The truth is, they were the early favourites to finish bottom of the league and looked well out of their depth right from the off, despite that ill thought out spending spree. In comparison, if we were to look at the team that then occupied the spot Toronto vacated, Hull KR, they’ve still managed to be pretty competitive, particularly since their return. They’ve racked up a good win over Wigan and appeared very handy indeed at times. What’s more they have done all that on a budget well below salary cap limits. 

Now perhaps, when you consider that, it’s easy to see why some clubs changing their minds to support Toronto’s inclusion in the league, really p*ssed off Neil Hudgell and you can see too why he and the Hull KR Club won’t be ready to accept Toronto back into the league with open arms. Particularly after the different ways the two clubs have gone about their business this season.

In fact, I think that the majority of Super League members are finding it hard to forget. Toronto lived the dream, but were writing cheques like most people write shopping lists and splashing cash around in both hemispheres. That was cash which in the end they simply didn’t have. They always harped on about putting down some proper rugby league roots and yet three years on from their launch not one Canadian players has got anywhere near playing for them and instead they are just a team of journeymen players shuttling back and forth across the Atlantic. As someone said this week we have never ever been good at expansion anyway and if we couldn’t make it work around the corner in Carlisle, Scarborough, Nottingham and Mansfield what chance do we have 3000 miles away in Canada in the middle of an international pandemic.

In 1996, at the commencement of Super League, the talk was after Paris, of team in Spain and Italy, but despite Maurice Lindsay’s fine words at the time, look where that went; it was all pie in the sky. Catalan just works but it’s a constant struggle and I guess when you look back we have tried expansion all over the place since the early 1980’s and yet we still can’t establish a top Division team in the Capital. South Wales and Cardiff bummed, Gateshead folded and even Sheffield who were a real work in progress for several years, are nowhere near Super league these days. 

A major stumbling block for the clubs  remains the Wolfpack’s request for an equal share of the central distribution of television money of around £1.8 million per year. This year that share was split between the other 11 Super League clubs and  they are going to need every penny of it to just survive going forward. However, potential new Canadian owner LiVolsi has said publicly, that his purchase of Toronto is dependent on the club being granted an equal share of the TV money and being allowed back into Super League and not to the Championship or League 1. 

However, news leaked out this week that Salford, Wakefield, Castleford, Huddersfield, Hull KR and indeed us are not in favour of the Wolfpack being allowed back in, while Leeds, St Helens and Catalans are in favour of their return. Warrington and Wigan are believed to be undecided in their view, at this stage, and are demanding stronger due diligence be done to ensure the North American outfit’ is financial viability.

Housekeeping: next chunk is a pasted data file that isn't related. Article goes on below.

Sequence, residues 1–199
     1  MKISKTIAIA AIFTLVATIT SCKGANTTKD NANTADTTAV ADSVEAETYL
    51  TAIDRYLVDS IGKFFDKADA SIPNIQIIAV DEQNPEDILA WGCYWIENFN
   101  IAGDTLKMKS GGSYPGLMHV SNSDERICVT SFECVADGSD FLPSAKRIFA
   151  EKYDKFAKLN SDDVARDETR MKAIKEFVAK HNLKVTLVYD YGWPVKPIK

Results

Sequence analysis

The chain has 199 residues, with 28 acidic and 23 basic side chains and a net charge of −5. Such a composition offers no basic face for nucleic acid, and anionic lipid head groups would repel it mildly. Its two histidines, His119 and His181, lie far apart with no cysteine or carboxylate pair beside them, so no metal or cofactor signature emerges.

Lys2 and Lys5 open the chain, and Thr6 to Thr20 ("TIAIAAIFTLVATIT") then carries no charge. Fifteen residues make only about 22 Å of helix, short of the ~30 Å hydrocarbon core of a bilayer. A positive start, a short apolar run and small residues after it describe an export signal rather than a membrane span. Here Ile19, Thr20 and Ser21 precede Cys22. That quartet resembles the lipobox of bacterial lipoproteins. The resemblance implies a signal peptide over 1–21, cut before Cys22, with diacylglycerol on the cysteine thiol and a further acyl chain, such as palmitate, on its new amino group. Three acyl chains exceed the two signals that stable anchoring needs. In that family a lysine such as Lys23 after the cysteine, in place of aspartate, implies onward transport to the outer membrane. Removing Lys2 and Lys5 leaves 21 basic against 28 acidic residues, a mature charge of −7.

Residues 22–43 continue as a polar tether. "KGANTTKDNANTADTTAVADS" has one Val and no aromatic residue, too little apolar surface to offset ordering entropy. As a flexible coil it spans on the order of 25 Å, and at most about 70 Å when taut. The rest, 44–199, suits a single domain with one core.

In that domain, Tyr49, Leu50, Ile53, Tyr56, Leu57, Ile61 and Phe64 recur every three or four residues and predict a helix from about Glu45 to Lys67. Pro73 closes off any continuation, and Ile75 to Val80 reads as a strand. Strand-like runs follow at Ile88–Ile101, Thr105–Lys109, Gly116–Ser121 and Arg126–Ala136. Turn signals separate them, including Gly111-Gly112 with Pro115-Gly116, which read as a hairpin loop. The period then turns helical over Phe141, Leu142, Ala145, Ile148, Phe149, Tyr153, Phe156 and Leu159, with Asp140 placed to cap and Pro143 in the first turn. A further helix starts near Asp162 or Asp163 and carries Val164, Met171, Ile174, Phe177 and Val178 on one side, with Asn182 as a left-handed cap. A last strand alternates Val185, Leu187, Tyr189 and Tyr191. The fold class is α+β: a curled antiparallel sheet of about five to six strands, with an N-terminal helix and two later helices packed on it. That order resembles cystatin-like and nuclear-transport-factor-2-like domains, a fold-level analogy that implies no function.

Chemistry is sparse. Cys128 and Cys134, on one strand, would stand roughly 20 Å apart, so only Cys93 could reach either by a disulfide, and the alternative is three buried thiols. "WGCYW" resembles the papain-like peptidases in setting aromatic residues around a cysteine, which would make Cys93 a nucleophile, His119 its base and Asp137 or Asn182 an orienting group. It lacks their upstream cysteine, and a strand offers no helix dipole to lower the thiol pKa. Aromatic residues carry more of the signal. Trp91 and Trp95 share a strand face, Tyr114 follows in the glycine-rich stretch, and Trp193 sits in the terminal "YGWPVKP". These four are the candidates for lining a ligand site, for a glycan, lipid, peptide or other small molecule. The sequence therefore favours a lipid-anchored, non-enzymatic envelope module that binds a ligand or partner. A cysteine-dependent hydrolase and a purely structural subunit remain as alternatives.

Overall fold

I can only say it as I see it as a fan of the game who is desperate to see the sport I love survive this dreadful Pandemic. What’s more I’ve said it before and I’ll say it again, in these strange, strange times the existing Clubs, who are battling on to keep the game afloat, are going to need every penny they can get to even survive. So, after all their hard work, sacrifice and will to keep going through 2020 when Toronto just gave up, I don’t know if bringing in The Wolfpack and giving them a cut of the TV money at the expense of everyone else’s allocation, is a good idea myself! If Toronto return and just one of our current Clubs goes under, then it will be an absolute travesty. 

So, there we are, there will be no Wembley for us this year as we were knocked out of the competition by a Wigan team that was powerful in its game plan and relentless in its application. They weren’t brilliant but they had our measure alright. We had enough energy and guts, but we lacked any sort of attacking edge and by the end showed all the hallmarks of a team that is quite simply knackered. Spirit on it’s own doesn’t get you the prize. and in many ways that’s our season over, but somehow we have to get through the next eight games and then see what happens next. On Thursday we play Salford and heaven knows what sort of team we will put out.  

So, it was all a disappointment, but maybe if we are honest it was probably a likely outcome, although we gave it a go and perhaps in these times we can ask no more. It was a situation summed up admirably by  someone on RL fans who said, “Sometimes you see the green shoots of recovery like we did last weekend, then we look a million miles away the week after” Well, that’s Hull FC for you!!!

It’s never easy to write this on these occasions because I would much prefer to crawl off and mourn the outcome on my own.  But, thanks to everyone who has been in touch this week and, as for many it will have been impossible to read this week’s offering, my appreciation also goes to all those who have managed to get this far after such a frustrating and disappointing showing; thanks for sticking with me. Let’s see what next week brings eh? 

Keep Believing and please stay safe!

Faithfully Yours 

Wilf